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Grin

Grin is a privacy focused cryptocurrency that implements the MimbleWimble protocol.

Privacy coin

🔑 63%

Reviews for Grin

🔑 5 positive | 💩 3 negative

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One thing that’s interesting is that unlike Bitcoin, which was so maligned and ignored at launch that Satoshi had to mine by himself on a single Intel CPU for most of 2009, there is (by our conservative estimates) $100 million of mostly VC money invested into special-purpose investment vehicles to mine Grin. This does a lot of weird things: It turns a bunch of people who would have been buyers of Grin into sellers of it, it changes the composition of the early holder roster, and it means the chain will launch with an extremely high degree of security via high PoW hashrate.

Despite the big amount of professional investor interest in Grin, the community itself is the closest thing I’ve seen to how the early Bitcoin community felt. The lack of a premine does magic things to human psychology; when you are doing free work for something that someone else gave themselves a huge bag of, you feel like a chump! When you do free work for something that everyone has a fair chance to mine, you feel like you’re part of a tribe, and that effect is in full swing with Grin. Wallets, decentralized exchanges, stats pages, etc., are all popping up, and our Grin community channel has smart devs asking what they can build every day.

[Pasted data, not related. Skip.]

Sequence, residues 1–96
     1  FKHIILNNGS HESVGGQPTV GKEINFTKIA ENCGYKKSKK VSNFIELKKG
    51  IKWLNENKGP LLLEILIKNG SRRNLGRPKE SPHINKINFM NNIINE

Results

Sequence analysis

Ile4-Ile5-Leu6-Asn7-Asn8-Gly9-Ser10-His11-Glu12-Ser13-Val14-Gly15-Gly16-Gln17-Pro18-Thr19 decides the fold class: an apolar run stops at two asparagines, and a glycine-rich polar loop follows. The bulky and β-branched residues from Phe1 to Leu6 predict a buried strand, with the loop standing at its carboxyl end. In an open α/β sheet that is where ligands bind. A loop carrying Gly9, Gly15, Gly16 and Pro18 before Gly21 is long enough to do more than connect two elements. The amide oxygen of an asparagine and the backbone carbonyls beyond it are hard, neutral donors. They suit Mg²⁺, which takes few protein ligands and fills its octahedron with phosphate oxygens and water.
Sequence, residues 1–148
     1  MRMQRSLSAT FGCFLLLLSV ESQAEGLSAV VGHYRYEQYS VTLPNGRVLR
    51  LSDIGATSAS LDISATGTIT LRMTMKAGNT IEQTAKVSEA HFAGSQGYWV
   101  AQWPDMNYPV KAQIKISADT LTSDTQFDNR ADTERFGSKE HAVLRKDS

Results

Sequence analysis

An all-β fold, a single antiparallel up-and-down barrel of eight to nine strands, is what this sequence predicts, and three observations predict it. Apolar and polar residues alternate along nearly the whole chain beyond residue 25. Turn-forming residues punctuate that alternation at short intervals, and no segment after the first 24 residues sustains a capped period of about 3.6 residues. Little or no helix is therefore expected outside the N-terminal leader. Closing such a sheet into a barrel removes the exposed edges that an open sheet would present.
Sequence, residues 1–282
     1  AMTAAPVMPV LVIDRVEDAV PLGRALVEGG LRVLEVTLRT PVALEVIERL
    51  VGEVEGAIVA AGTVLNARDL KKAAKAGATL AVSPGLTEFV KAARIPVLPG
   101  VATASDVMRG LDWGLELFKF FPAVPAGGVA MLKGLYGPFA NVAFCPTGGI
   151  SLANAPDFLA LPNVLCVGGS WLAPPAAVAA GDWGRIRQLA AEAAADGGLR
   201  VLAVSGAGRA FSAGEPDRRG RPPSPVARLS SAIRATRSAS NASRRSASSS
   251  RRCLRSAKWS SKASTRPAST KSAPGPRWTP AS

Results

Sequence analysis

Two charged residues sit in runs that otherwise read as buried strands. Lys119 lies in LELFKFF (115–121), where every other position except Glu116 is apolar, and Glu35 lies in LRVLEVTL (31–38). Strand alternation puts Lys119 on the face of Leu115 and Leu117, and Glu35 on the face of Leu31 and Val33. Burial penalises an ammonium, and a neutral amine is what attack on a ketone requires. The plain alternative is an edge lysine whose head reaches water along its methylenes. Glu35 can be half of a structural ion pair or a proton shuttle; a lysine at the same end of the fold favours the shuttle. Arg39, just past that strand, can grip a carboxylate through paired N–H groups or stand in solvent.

2019-01-14 | Full Review

💩

I don’t see how Grin can win if it’s not differentiated enough from Monero (both tech and community). Open to be proven wrong.

2018-01-16 | Full Review

💩

What makes Grin dangerous is that it does have a compelling story and people might think that translates into value for the coin. The user experience is shitty. To get even remotely close to Lightning, it would need years of work [and] hundreds of devs. It won't be used [in] real life.

2019-01-15 | Full Review

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If I were doing it all over again (like Grin is), I would probably choose just a fixed inflation rate, i.e., 1 ZEC per block from the genesis block until the end time. Grin has chosen that, and I'm envious of the simplicity.

2018-12-02 | Full Review

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If grin is successful, it will be linearly inflationary and disempowered in a few key aspects. Imagine: Monero = crypto Swiss bank; Grin = confidential emailable cash transactions.

Nic Carter, Partner at Castle Island Ventures and Co-creator of Coinmetrics

2018-01-10 | Full Review

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I love the Grin developers and fully applaud what they’re doing, but let’s not overstate claims as to privacy. MWs primary goal is scalability, not non-interactive privacy.

2018-02-15 | Full Review

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Imagine what a universally accessible, private, scalable and fungible digital coin could do. Since Grin’s introduction, its developers have enabled capabilities such as Lightning, Schnorr signatures, bulletproofs, Dandelion relay, “scriptless scripting,” and atomic swaps. All these greatly increase the probability of the Grin blockchain being able to address a multitude of use cases that have not been possible with the existing set of blockchains. At the very least, Grin coin may actually fulfill the promise of digital cash.

2018-10-11 | Full Review

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Grin is mostly a feature. That feature can be added/accessed via other cryptocurrencies without a new token. I think it's unlikely base protocols with new features can survive long-term.

Grin's reason to be is mostly mimblewimble, which is a feature, which I'm skeptical is enough to support long-term value for a base protocol cryptoasset.

Ari Paul, Co-founder and CIO of BlockTower Capital

2019-02-08 | Full Review

Privacy coin comparison

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